Maratonci trce pocasni krug-The Marathon Family

Director – Slobodan Sijan
Art Director – Milenko Jeremic
Composer – Zoran Simjanovic
Screenwriter – Dusan Kovacevic
Country – Yugoslavia
Year – 1982

Few Serbian films stand up to the standards expected from the Western cinema, but this one, Maratonci trce pocasni krug – The Marathon Family cannot be over praised: everything that’s already been said here is true, and then some! A masterpiece in the purest sense of the word. The Serbs say this is the best Serbian film ever made—or probably, it may be the best film anyone made in the 1980s. Released in 1982, when Yugoslavia was a functioning state, rather than international shorthand for murder and genocide, it casts a baleful look backward that becomes, in the light of all the subsequent blood, almost unbearably poignant and prophetic. It would be too much if it weren’t constantly, brutally laugh-out-loud funny — funny even in subtitles, funny as slapstick and deeply classically comic at the same time.

Sometimes handling the dead can be almost as difficult as handling the living, according to the Topalovic family and its many members — from great-grandparents on down. They are losing ground in the fight to keep their cemetery business from going under and have had to make a clandestine alliance with never-do-well entrepreneurs that will supply them with recycled coffins at a cheap price — an alliance that has kept the family in heavy debt to the grave-digging crooks.

It is set in the 1930s in a backwater small town in Serbia, where the Topalovic family has its funeral home. Topalovic women “fade away like flowers” immediately after bearing a boy while the men live on and on — creating the Marathon reference in the title. In an effervescent scene we meet six generations of Topalovic men, each one of whom mercilessly beat and bully the younger ones. The film centers on the youngest, the tall and none-too-bright Mirko, lover of movies and Cristina, piano player at the town’s movie house and daughter of the local gangster Billy Python, who supplies the Topalovic home with used coffins dug up and emptied of their previous occupants.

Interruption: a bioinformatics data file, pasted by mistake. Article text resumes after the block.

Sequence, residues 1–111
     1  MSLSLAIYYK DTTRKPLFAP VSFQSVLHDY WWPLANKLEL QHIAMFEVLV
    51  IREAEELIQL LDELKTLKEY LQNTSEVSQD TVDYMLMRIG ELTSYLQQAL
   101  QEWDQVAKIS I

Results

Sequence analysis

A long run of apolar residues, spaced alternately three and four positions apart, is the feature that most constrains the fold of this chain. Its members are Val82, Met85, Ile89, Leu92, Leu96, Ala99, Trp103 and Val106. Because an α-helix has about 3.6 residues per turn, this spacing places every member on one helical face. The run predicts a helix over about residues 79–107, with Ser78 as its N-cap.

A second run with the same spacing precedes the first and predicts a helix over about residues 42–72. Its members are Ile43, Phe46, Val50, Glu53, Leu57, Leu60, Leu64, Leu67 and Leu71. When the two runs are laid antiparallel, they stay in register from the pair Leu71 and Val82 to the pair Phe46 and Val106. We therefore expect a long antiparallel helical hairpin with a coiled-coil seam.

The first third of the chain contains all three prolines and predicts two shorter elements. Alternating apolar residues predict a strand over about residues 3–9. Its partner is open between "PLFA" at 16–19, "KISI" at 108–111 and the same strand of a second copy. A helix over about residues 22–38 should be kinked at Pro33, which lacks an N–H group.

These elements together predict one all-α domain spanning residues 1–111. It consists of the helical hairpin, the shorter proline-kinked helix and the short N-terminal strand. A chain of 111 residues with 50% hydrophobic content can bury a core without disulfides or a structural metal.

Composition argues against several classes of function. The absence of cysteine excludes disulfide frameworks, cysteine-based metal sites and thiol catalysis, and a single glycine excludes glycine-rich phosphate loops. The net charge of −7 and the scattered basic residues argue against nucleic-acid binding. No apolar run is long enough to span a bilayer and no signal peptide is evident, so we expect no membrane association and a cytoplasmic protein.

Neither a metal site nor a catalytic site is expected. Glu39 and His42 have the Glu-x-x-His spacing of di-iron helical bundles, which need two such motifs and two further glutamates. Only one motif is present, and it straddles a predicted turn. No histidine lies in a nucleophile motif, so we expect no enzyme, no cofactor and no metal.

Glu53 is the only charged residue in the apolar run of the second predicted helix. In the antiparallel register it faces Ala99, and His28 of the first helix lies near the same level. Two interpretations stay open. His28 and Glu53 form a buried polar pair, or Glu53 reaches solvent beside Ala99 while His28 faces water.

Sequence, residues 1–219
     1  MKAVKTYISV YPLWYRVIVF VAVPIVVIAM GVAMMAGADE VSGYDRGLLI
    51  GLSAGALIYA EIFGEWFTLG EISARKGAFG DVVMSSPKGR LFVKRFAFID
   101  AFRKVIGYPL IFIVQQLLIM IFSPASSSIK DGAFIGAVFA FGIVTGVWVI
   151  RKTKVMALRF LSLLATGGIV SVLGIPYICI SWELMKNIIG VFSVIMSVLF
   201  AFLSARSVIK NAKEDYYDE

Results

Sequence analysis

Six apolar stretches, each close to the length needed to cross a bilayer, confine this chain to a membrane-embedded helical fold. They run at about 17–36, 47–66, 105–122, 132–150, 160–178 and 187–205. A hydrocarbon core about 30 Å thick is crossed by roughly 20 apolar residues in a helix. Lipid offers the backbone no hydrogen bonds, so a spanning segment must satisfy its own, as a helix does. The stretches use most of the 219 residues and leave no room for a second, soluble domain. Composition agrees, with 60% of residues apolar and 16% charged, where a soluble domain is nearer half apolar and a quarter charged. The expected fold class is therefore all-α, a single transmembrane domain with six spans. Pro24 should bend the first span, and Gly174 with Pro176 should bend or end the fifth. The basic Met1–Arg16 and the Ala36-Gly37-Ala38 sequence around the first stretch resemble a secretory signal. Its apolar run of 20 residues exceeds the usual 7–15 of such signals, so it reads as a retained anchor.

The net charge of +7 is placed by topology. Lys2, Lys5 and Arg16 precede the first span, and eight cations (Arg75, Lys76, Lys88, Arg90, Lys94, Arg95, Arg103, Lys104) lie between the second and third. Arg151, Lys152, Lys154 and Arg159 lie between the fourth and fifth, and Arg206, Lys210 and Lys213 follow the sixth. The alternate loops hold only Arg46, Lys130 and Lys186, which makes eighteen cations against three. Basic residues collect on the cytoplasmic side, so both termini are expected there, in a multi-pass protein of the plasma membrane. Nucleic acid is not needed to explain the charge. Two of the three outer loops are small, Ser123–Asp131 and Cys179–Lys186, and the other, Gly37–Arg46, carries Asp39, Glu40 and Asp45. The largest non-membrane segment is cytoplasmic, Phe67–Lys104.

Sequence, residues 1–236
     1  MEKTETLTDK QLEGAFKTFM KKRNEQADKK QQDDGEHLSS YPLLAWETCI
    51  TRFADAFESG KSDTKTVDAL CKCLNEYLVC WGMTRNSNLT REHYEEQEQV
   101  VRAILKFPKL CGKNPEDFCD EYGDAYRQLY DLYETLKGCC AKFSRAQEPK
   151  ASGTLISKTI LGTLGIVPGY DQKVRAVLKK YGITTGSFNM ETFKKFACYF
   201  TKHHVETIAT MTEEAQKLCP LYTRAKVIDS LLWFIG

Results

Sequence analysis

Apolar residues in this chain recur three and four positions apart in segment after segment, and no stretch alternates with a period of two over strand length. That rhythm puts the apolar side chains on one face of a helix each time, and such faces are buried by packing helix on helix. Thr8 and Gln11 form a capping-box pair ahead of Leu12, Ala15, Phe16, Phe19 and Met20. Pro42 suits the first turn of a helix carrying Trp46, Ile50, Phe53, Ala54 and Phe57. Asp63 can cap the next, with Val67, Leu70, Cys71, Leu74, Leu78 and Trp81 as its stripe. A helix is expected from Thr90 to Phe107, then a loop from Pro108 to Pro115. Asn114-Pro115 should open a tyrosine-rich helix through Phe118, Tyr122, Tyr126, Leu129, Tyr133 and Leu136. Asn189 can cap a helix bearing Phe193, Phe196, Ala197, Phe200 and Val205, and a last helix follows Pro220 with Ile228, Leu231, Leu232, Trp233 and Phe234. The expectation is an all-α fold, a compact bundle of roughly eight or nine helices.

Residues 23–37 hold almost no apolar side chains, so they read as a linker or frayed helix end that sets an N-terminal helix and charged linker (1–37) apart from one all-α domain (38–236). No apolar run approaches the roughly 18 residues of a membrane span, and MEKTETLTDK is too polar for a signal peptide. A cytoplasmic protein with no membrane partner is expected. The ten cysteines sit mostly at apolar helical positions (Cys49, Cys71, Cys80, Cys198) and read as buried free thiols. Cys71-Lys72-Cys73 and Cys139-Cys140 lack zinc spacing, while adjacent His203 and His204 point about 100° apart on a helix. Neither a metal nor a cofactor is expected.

There is a very funny scene where they are digging up a grave and their rivals scare them by dressing up as ghosts.

The action revolves around three events: the death of the very oldest Topalovic, the desire of Mirko’s imbecilic, cowardly and conniving father Lucky to break up the Mirko-Cristina affair and — and this is resoundingly delicious.

Meanwhile, young Mirko Topalovic has fallen in love with the daughter of one of the increasingly wealthy partners in the used coffin business. She works for a movie theater as a pianist (it is the era when silents are on the way out) and the owner of the theater has not yet fired her and switched to talkies because he wants her for himself. He suggests that they make a movie together — an erotic movie he thinks to himself — but seduction is his only goal. When Mirko starts to help out in this movie project, he comes to realize what is actually going on and overpowered by rage, he kills the woman and the theater owner. Puffed up with his aggressive deed, he goes home to convince the Topalovic family that they have to take up arms against the usurious grave-diggers — and a wild and bloody melée ensues that will determine the fate of the family.

The writer, Dusan Kovacevic adapted the script from his own play, and director Slobodan Sijan gets an amazingly good ensemble cast of actors to run the machinery in high gear, flat out. It starts dark and gets darker with crematorium jokes (“the wave of the future”), vintage silent Yugoslav film commercials and clips, and slides, laughing more and more wildly, into violence that flies out of control. The tie to what happened to Serbia only a few years later spins the movie up another level. That the tie is not accidental is underlined by the opening sequence — newsreel footage of the assassination in France of the King of Serbia in the early 20s. The wonderful musical theme, raucous and melancholy at the same time is by Zoran Simjanovic.

Jelisaveta Sablic won the “Best Actress” award at the 1982 Pula Film Festival for her role as the sought-after female lead in this film.

This movie has it all – love, death, and the best actors in Serbian history: Bogdan Diklic, Daniloi Bata Stojkovic, Pavle Vujisic, Mija Aleksic, Jelisaveta Sablic, Bora Todorovic… 

The point of the movie is: Everything can fail; only death is a secure business!

Don’t miss the movie  if you get chance to see this one!


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